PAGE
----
- Always take a class set of something for the kids to do JUST in case there is no lesson provided. Make sure it'll take the whole class period. Crosswords, sudokus, brain teasers, a copy of a recent article from the paper, a series of trivia questions.....

-Do not override the teacher's lesson. If the kids tell you "We can't do this - the teacher never taught us this" do not believe them. I will never leave a sub plan like that. I wouldn't do that to you or to them. If you feel it is an honest plea from well meaning kids that they don't understand the work, then let them work in groups so that they can help each other. The smart kids can help the slower student. I will deal with it the next day.

-DO NOT cancel class and turn on the TV or declare 'study hall' time.

-Sub at just one or two schools all the time so that soon you become as familiar as one of the full time staff members. Then you will receive more respect and cooperation from the kids. They will think of you as a "real teacher" - which you are, but they will view you as an authority figure when you are a familiar face at school.

-Watch them. Read your newspaper or book, but you have to look up every few minutes or they'll realize you aren't watching and get sneaky. Most kids are good, but you never know. If a sweet kind honor student just HAS to SMS her boy friend and tries to sneak the phone under the desk - and the principal walks in at that moment - she AND you could be in trouble. Why risk it?

-Dress and act professionally - mean business - don't be too harsh on the kids - know what school rules are and enforce them.

A note about substitute teachers.......
Why do we need them anyway? In European countries, when a teacher is absent, the class is usually cancelled and the kids just don't go to class. They just go anywhere. Or some schools have a "study hall" that is a permanent large room - open all day- with a teacher monitor and they can go there for quiet study. Why are American teens not trusted this way? Why must they have a "sitter" but European teens are fine on their own? Is it expectations of behavior in society? Is it the litigiousness of parents in the US? I don't know the answer.

Saturday, February 07, 2009

The Price of Education

We are guaranteed a free and public education in America. Free yeah, but the money has to come from somewhere. Most places it's property taxes, right?

I work in a place where taxes are high. Say, $6,000/year for a 4bedroom home in the suburbs. The schools have everything they need. If I need pens or staples, there is a closet in the office where I can got get these supplies. Coaches and club advisors receive decent compensation for their extracurricular activities. We have a full time In-school Suspention teacher plus stipends for after school detention monitors. We have buses for the student to come to school, go home after school, or go home one hour after school so they can attend tutorial sessions, club meetings, detentions, etc... In this community I rarely hear about how expensive schooling is. Every high school has it's own school system and superintendant. Substitutes are readily available so teachers do not have to cover for an absent teacher. If they do, they get compensated. At my school here, we have 2,300 kids: 1 principal, 4 APs, 8 counselors, 7 supervisors (dept heads who do discipline, observation and evaluation), 1 data processing specialist (for grades), 1 librarian and a library aide, 3 computer specialists and 6 secretaries.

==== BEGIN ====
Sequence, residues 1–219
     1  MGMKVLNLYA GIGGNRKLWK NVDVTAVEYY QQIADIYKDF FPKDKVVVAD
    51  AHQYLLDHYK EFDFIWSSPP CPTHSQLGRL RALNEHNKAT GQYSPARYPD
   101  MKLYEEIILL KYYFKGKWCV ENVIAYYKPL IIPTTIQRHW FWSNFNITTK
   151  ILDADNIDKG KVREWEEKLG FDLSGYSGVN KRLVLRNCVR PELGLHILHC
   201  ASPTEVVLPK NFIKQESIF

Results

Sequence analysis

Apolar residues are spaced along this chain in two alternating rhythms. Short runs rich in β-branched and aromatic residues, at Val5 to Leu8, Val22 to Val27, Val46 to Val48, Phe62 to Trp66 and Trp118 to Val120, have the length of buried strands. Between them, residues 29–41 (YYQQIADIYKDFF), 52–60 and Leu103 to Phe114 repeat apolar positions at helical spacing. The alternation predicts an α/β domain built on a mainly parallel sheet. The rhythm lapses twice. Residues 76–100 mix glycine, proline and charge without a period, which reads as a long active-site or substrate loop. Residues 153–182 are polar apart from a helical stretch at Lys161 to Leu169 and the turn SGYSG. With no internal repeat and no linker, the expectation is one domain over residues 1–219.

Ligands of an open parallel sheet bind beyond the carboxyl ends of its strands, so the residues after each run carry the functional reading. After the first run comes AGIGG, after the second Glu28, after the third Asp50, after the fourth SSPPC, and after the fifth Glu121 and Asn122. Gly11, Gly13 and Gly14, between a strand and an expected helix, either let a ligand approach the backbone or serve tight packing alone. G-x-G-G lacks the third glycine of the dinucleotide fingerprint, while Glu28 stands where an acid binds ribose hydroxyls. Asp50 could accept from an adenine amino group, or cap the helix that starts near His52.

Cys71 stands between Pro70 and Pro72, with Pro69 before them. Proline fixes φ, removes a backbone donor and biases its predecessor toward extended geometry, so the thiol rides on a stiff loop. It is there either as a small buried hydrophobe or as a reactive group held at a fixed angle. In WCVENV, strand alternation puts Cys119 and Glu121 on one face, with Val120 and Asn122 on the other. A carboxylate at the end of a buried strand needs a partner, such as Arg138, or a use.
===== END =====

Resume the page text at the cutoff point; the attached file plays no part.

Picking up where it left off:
I worked in a place for 10 years where the taxes were low. Like $1500/year for a 4 bedroom surburban house. The schools have nothing. If I needed pens, I could go to Staples and buy them myself. If I wanted to be a club advisor, I could do it on my own time for no pay. If I had a discipline problem, there was no detention, no ISS, but I could call the kid's parents - or they could get suspended if it was serious - nothing inbetweeen. We had buses to bring kids to and from school. And in this community the papers are filled with people whining about overspending in the schools and overstaffing. School districts are county wide with up to 15 or 20 high schools in the same systrem with one superintendent. Substitute pay was so low we had mutant zombies come in to sub. Or no one. Teachers regulary gave up their paid planning time to substitute for an absent colleague. For 500 kids at my school we had 1 principal, 2 APs, 2 counselors, a registrar, 1 librarian, 1 science teacher who got 1 extra planning period to work on computer problems and 2 secretaries.

A funny aside: in the high tax area they have all these Volunteer Fire Departments. In the low tax area I never recall seeing a volunteer fire department. The firemen down the hill from my first apartment were always sitting outside the fire house on this bench waiting for a call. Volunteer firemen or volunter teachers? Which one would you pick?

I am in a position to move back to the "low tax" city and work for the schools again. I have family situations and it is a place I need to be. I will never work for free again. If you want your kids in a club or to have a prom or take a class trip to Disneyworld, great, but I will not work for free. It is not fair how many hours these activities take to plan and carry out and it's crazy for the parents to expect us to do our teaching job and spend all kinds of unpaid time for extras.

Education costs. Someone has to pay. I resent being an educated teacher and a bunch of non-educators yelling about how surely we can get by with less. Educating the young people in the community is one of the most important jobs in any community right up there with the police force protecting us and the doctors taking care of us. And citizens who haven't set foot in a school in 50 years are yelling about how we don't need 2 assistant principals? Same folks yell when schools fail to discipline the kids. We can improve the schools by supporting them and letting the professionals decide how many employees they need to do a good job.

To do things right, things cost. Education costs. Someone has to pay.